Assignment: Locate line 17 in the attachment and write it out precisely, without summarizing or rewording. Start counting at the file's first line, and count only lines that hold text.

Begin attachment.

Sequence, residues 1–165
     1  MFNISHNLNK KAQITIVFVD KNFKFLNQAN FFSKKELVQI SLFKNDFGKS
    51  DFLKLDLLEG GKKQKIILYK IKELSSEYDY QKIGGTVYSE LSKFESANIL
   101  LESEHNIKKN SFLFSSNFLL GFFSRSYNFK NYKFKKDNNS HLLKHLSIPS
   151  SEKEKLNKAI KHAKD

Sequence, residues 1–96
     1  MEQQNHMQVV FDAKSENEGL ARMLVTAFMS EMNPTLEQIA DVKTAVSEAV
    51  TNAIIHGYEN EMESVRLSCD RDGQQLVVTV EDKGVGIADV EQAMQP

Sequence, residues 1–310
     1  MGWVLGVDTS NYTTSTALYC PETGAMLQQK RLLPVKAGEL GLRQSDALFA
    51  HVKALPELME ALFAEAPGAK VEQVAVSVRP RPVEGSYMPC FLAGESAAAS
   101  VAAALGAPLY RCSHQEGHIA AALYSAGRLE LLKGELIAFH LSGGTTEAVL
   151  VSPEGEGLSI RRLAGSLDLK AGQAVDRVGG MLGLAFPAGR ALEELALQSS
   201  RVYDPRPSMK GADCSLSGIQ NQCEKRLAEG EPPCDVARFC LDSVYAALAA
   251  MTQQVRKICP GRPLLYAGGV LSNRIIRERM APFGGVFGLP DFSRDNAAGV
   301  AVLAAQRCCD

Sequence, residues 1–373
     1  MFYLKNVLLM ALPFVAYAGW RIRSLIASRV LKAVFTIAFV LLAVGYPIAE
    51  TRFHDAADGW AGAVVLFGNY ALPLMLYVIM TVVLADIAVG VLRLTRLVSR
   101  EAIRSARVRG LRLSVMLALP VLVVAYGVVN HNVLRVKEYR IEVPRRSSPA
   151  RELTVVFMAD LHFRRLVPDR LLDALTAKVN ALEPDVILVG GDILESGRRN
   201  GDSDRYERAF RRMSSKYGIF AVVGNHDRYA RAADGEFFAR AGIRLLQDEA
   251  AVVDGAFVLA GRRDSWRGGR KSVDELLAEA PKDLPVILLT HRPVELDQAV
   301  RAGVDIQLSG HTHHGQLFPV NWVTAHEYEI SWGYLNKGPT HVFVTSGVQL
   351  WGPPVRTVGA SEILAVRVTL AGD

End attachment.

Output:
Sequence, residues 1–373